American bomber pilot Paul W. Tibbets Jr. (center) stands with the ground crew of the bomber Enola Gay, which Tibbets flew in the atomic bombing of Hiroshima, Tinian island, Northern Marianas, August 1945.
In 2003, in the run-up to the invasion of Iraq, President George W. Bush argued that an occupation could work because history provided an example in a non-Christian, non-white, non-Western country: the United States' occupation of Japan during World War II.
He cited the work of historian John Dower, the pre-eminent scholar of postwar Japan, who promptly published an op-ed to protest a misuse of history. His work, he said, should have led President Bush to the opposite conclusion.
This is TALK OF THE NATION. I'm Neal Conan, in Washington. The Texas Tea Party cruises to victory. Congress actually acts to avoid a shutdown, and former Veep Dick Cheney pans the Palin pick. It's Wednesday and time for a...
VICE PRESIDENT DICK CHENEY: A mistake.
CONAN: ...edition of the Political Junkie.
PRESIDENT RONALD REAGAN: There you go again.
VICE PRESIDENT WALTER MONDALE: When I hear your new ideas, I'm reminded of that ad: Where's the beef?
Not using one's best efforts to win a match. Few Americans know much about the sport of badminton, but that rule will likely be the subject of a lot of discussion over the next few days. Today, badminton officials at the London Olympics disqualified eight players for tanking. Women's doubles teams from South Korea, Indonesia and China drew boos yesterday when it looked like they deliberately lost preliminary matches to engineer more congenial match-ups later in the tournament.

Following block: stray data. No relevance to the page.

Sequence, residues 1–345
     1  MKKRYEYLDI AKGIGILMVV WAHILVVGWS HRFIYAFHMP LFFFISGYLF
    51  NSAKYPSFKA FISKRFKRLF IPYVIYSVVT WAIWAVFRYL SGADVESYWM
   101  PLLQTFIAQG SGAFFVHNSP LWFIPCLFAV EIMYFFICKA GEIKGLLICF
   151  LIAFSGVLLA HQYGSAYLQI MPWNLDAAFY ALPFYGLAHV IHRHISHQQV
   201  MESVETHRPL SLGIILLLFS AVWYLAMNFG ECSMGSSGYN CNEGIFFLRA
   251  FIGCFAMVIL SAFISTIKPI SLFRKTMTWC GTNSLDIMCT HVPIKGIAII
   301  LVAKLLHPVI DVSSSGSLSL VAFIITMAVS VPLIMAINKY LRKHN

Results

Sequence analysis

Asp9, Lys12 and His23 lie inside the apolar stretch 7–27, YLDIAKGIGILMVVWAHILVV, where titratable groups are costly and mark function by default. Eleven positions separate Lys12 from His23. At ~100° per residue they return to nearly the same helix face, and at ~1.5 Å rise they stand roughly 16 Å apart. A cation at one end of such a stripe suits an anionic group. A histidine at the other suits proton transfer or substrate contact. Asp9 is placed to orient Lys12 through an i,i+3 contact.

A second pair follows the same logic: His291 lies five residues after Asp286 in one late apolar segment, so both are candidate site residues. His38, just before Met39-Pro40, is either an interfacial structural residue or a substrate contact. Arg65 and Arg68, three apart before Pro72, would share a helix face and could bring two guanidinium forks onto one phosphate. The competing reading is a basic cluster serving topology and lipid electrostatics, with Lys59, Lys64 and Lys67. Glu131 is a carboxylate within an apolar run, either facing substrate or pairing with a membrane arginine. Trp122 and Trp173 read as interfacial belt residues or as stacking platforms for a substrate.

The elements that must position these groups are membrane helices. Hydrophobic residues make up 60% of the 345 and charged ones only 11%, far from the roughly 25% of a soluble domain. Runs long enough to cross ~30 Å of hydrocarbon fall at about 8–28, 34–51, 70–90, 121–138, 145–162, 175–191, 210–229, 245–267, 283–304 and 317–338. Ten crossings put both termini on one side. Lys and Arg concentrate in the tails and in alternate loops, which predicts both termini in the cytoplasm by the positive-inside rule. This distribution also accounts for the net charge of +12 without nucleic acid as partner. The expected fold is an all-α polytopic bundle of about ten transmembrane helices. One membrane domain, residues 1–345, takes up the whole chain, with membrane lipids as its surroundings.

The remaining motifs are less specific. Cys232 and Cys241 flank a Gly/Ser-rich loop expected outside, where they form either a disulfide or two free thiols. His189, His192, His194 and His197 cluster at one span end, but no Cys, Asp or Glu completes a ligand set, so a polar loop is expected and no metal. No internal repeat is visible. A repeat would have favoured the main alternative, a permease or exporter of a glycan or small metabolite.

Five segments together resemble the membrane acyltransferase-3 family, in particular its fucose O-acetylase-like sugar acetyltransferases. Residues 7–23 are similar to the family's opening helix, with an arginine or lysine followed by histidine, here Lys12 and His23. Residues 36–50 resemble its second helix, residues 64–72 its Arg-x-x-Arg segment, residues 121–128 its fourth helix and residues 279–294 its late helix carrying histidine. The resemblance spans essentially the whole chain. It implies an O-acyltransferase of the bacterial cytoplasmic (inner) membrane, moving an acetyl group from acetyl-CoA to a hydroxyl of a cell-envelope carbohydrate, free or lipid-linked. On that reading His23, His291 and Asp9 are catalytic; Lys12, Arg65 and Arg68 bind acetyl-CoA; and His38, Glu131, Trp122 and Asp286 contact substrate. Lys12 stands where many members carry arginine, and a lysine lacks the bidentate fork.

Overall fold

Scientists reported new evidence Wednesday that supports a provocative theory about cancer.
Three separate teams of scientists said they had, for the first time, shown that so-called cancer stem cells can be found naturally in brain tumors and early forms of skin and colon cancer.
Evidence has been mounting in recent years for the existence of these cells, which would be especially insidious. They are believed to resist standard chemotherapy and radiation and fuel the growth of tumors and relapses.
In his <em>New Yorker </em>article, <a href="http://www.newyorker.com/reporting/2012/08/06/120806fa_fact_lizza">Fussbudget</a>, Ryan Lizza writes: "To envisage what Republicans would do if they win in November, the person to understand is not necessarily Romney, who has been a policy cipher all his public life. The person to understand is Paul Ryan."
As the presumptive presidential nominee, former Massachusetts Gov. Mitt Romney is currently the face of the Republican Party. But, as journalist Ryan Lizza suggests in his article in this week's New Yorker, the party's agenda and ideology are being driven by a very different figure: Rep. Paul Ryan of Wisconsin.